Margaret Talbot


Margaret Talbot
I am a textile tutor and author living near Cambridge, UK. I gained a City and Guilds certificate in embroidery and a Teaching Certificate in Dorset and a Diploma in Stitched Textiles at Windsor.

I was awarded a Licentiate of the Society of Designer Craftsman and the City and Guilds institute.

For the past 25 years I have taught all over England and written two books - Medieval Flushwork of East Anglia and its Symbolism and Contemporary Textured Surfaces in Fabric and Thread.  I have also written articles for Embroidery Magazine and my work has appeared in several books by Maggie Grey.

I have exhibited my work many times at Alexandra Palace, Harrogate, the Barbican, Braintree Museum, Snape and other venues in London, Cambridge, St. Albans, Brighton and Norwich.

Inspiration for my work has come from Medieval church floor tiles, Suffolk Flushwork, and rock formations of Petra, Cappadocia and Yucatan.

I am also a member of the Embroiderers Guild and E.R.T.F. 

Find me on Instagram here
 

Bridging the Gap

My work for the next EAST exhibition “Bridging the Gap” is about floods and drought.I discovered an article by Lindsey Jean Schueman, writer, and producer of the website One Earth, about women working for climate change.Click here for the website.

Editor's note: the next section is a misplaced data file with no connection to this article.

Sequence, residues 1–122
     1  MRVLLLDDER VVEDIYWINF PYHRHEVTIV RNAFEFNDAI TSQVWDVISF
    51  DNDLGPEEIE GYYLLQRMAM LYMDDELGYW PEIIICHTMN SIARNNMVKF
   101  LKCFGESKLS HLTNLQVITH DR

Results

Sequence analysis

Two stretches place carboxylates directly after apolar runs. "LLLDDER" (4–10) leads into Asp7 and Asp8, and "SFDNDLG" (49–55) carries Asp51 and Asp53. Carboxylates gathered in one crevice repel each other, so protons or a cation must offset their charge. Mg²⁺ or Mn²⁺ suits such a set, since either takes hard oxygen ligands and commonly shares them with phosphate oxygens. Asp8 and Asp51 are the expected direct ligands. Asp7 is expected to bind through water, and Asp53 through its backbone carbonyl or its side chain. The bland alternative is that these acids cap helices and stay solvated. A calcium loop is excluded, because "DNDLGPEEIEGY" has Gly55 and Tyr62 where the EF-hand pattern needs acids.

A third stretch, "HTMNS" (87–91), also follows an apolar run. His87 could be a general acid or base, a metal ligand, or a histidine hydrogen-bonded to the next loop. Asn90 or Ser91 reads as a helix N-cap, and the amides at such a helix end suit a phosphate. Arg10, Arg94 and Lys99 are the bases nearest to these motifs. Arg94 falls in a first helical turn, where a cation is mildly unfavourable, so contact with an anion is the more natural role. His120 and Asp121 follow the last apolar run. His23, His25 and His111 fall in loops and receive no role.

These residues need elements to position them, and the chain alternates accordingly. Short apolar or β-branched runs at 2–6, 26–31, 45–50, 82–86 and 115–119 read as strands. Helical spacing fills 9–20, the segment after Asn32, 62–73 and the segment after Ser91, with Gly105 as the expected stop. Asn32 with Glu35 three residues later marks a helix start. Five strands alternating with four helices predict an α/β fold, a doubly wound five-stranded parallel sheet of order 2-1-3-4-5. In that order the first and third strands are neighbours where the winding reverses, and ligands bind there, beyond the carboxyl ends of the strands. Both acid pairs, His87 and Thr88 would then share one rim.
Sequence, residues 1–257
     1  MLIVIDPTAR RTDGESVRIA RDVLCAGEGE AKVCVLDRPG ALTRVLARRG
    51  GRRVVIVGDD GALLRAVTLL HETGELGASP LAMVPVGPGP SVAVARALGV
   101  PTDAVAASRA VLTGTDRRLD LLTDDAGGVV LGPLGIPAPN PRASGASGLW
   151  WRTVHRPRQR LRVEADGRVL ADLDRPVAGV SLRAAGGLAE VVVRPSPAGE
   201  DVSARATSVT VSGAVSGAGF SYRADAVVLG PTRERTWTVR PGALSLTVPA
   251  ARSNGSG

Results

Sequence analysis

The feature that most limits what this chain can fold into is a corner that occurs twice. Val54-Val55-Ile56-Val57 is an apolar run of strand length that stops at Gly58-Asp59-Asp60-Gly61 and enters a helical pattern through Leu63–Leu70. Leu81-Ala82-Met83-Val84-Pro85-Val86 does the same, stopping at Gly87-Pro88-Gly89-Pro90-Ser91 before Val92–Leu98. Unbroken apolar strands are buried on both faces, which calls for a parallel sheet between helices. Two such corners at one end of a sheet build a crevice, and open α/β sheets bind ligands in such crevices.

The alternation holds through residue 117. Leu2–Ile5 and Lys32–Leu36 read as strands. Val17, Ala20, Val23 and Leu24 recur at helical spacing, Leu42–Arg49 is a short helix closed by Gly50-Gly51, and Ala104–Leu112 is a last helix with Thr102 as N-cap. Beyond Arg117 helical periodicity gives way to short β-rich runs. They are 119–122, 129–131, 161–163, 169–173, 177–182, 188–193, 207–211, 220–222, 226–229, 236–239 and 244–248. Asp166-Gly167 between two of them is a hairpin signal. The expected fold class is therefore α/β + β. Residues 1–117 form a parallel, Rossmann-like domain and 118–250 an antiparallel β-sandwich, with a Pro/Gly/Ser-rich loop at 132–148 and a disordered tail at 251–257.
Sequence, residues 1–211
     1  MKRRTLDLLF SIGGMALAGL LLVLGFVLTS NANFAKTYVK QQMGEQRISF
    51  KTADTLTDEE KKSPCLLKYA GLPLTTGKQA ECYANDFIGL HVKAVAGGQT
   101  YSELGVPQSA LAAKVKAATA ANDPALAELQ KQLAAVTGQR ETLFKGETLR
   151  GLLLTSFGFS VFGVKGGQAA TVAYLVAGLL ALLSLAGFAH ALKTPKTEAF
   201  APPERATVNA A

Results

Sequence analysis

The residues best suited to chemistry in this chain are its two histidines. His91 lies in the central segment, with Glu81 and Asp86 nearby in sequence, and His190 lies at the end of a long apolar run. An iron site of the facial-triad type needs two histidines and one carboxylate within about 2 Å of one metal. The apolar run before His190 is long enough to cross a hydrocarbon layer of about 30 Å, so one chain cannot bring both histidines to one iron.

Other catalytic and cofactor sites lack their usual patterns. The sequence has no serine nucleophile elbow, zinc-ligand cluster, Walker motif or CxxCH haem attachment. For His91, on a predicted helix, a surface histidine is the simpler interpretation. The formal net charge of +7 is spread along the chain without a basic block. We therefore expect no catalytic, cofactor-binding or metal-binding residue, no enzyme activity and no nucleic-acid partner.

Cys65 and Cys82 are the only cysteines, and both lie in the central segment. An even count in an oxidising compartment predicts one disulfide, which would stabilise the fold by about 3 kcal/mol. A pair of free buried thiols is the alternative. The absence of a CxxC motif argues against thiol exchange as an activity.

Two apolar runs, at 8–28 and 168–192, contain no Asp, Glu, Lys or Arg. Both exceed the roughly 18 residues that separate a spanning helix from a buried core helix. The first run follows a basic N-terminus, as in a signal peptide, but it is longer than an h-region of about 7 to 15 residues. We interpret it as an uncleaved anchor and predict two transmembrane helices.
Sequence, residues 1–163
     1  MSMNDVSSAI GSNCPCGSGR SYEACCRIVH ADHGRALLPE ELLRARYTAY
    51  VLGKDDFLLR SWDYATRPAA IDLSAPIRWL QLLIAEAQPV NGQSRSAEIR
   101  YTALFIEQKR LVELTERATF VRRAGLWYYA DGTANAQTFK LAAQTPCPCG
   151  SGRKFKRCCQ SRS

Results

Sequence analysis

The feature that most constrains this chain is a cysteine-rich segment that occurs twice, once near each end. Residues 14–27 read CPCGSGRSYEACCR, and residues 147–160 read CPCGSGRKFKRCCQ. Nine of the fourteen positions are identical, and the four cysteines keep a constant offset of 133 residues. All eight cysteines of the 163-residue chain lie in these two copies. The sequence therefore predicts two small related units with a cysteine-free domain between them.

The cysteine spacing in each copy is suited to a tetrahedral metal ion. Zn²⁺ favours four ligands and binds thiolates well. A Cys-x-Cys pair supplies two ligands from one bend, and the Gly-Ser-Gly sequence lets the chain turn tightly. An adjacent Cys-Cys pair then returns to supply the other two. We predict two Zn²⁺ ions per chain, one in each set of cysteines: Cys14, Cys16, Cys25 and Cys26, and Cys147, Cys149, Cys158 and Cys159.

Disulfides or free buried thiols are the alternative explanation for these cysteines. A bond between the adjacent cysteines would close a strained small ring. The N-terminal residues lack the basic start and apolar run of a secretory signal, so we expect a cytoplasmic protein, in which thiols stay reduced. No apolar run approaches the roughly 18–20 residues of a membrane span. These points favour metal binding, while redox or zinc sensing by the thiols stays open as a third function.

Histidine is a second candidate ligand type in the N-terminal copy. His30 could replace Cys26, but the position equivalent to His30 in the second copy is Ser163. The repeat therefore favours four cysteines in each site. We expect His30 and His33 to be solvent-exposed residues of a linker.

Schueman’s comments acknowledge the role of women noting, that without women, the Paris Climate Agreement would not be what it is today. A legendary group of women called the “lionesses” including Farhana Yamin, Christiana Figueres, and Tessa Tennant, met in the countryside of Scotland and came up with the guiding principle of ‘net zero emissions’ at a time when many parties to the climate convention were at loggerheads. This group expanded into one of more than 30 female lawyers, diplomats, financiers, and activists with the mission to limit global temperature rise to 1.5°C.

Schueman records that such precise targets and clear language allowed global leaders to finally understand the urgency and, with a clear objective, begin to cooperate to create actionable policy.

Further reading discusses the view that women in leadership positions create and improve climate change policy more often than men. A study of 130 countries showed that countries with a high representation of women in their administrations are more likely to ratify international environment treaties.

Policymakers, investors, and philanthropists need to understand that women can act as an immense force for change by leading their communities and the world towards a more sustainable future.

Climate change is making some regions drier than normal and other areas much wetter than they used to be. This presents a huge problem for crops, animal grazing and managing the environment. Bridging this “gap” would be a lifeline for many communities.

Scientists have found a way to harvest drinking water from the air - inspired by cacti and desert beetles. This could possibly be the end of drought by capturing the almost limitless supply of sources such as fog and dew.  A  New York University team converted natural vapour to liquid using crystals. They told Nature Journal they were inspired in part by desert beetles which “fog bask” to keep hydrated.

Planting more trees and rewilding the countryside can help with floods. Nature often survives the harshest of weather. My work looks at the regrowth on trees particularly ones that have suffered from drought or lightning strikes.


Textured Surfaces

Books and workshops

Workshops - Textures in fabric and thread. Machine or hand

Books: Medieval Flushwork of East Anglia
            Contemporary Textures in Fabric and Thread